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5 directors who could give ‘Akira’ the remake it deserves

We deliver our best hopes for persons to direct the film that could become a trilogy.


Aja Romano

Internet Culture

Posted on Sep 27, 2015   Updated on May 27, 2021, 9:59 pm CDT

Rumors are flying around the entertainment world concerning the long-awaited live-action remake of Akira—but the movie’s fate remains in uncertain hands.

Speculation has abounded last week that the Japanese animated classic will be adapted into a trilogy instead of a standalone film—with reports that Christopher Nolan may or may not be attached to produce. If the trilogy is indeed happening, it’s good news for fans of Katsuhiro Otomo’s six-volume manga, because it means that the films will delve more deeply into the fascinating original storyline.

But if Nolan isn’t slated to direct, as original rumors hoped, then who will?

Aja Romano

Akira is a cyberpunk masterpiece, a gritty futuristic dystopia loosely inspired by Blade Runner (which was itself inspired by modern Tokyo). The story follows two best friends, Kaneda and Tetsuo, social outcasts and members of a biker gang who get caught up in a secret government organization. After Tetsuo is taken prisoner by the group, their science experiments unlock his latent psychic powers, and Kaneda is forced to wage a reluctant fight to keep him from wreaking bitter havoc upon the world.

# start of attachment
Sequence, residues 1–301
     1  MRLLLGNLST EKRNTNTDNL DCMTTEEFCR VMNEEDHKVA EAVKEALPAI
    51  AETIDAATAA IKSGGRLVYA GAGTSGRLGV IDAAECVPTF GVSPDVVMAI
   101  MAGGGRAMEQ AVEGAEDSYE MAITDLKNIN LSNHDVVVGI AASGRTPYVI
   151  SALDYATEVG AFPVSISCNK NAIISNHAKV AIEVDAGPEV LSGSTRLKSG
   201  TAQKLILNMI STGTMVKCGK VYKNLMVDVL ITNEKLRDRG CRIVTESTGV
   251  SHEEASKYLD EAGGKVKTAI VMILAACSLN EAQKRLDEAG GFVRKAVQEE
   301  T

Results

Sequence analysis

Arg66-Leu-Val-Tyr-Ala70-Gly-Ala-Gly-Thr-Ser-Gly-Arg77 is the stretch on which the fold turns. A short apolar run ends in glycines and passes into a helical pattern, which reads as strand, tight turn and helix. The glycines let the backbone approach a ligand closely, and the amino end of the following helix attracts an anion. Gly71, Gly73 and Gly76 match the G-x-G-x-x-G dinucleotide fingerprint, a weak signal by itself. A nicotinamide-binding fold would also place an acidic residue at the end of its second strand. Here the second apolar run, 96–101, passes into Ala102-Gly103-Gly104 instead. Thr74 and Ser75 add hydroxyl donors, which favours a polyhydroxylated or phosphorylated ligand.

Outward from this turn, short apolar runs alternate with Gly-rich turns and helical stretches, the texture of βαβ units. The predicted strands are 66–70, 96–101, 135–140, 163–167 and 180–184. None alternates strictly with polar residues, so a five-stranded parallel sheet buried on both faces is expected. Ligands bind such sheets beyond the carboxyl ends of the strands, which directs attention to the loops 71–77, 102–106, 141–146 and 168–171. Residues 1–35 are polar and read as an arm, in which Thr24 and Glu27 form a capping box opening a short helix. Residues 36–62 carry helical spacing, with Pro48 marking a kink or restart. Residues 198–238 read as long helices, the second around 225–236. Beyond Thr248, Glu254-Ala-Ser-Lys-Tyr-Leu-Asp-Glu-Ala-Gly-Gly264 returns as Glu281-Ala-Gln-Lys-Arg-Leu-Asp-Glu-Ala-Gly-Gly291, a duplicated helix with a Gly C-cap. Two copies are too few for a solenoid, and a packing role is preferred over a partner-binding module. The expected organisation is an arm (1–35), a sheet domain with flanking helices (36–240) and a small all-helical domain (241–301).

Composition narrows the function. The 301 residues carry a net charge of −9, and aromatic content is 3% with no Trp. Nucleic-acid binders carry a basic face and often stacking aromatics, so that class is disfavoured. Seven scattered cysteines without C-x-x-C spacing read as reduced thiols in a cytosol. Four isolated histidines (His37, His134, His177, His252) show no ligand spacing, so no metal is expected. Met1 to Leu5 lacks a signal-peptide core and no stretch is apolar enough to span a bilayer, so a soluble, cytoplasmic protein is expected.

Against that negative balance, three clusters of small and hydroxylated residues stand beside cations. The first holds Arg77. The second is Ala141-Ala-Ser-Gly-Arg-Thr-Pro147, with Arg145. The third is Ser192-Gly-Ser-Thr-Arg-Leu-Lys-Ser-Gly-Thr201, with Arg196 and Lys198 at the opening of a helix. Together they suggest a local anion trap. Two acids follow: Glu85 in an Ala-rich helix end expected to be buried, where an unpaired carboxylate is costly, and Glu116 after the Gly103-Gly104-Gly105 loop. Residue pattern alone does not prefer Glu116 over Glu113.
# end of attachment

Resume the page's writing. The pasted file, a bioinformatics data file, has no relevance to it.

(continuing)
The gorgeous animated film, which was scripted by Otomo closely following his manga, is generally considered to be one of the greatest science fiction films and animated films ever made. It looks like this:

Aja Romano

Aja Romano

Aja Romano

Aja Romano

Aja Romano

It also has an iconic soundtrack that’s been homaged, parodied, and remixed endlessly:

Needless to say, a live-action remake will have a lot to live up to; but so far, the film’s trajectory has been fraught with difficulty.

In 2011, a previous attempt to make a live-action Akira was thankfully canceled after fan outrage arose over attempts by then-director,  Jaume Collett-Serra (Orphan), to whitewash the cast and relocate the setting to New York City. The production fell apart after Keanu Reeves turned down the lead role of Kaneda, and rights-holder Warner Brothers asked for a relatively small budget.

In 2014, still trying to get the film made, Collet-Serra made dismissive comments in interviews about how the two main characters, Kaneda and Tetsuo, were boring and one-dimensional, and that “Japanese culture… never [has] strong characters.” 

These remarks probably weren’t the best way to endear fans of one of the most distinctively Japanese stories in modern pop culture, and when word surfaced this summer that the production was back on with Leonardo DiCaprio’s production company and Sons of Anarchy‘s Marco Ramirez writing the screenplay, Collet-Serra’s name was unattached.

However, if Collet-Serra isn’t directing, and Nolan taking the helm seems unlikely, who will guide the rocky process of bringing a faithful version of Otomo’s manga to the silver screen?

We made an effort to favor directors who would retain the original cultural authenticity of the story instead of attempting to westernize it or introduce new characters. Akira had a huge stylistic and narrative influence on U.S. action films, so making it look more like films that owe so much to Akira would be an ironic mistake that would erase the cultural markers that made the film so distinctive. An Akira set in New York would not be Akira

So with that in mind, here are a few directors we’d love to see tackle this project, who could do the film’s storyline justice while still respecting its cultural identity.

1) Takashi Miike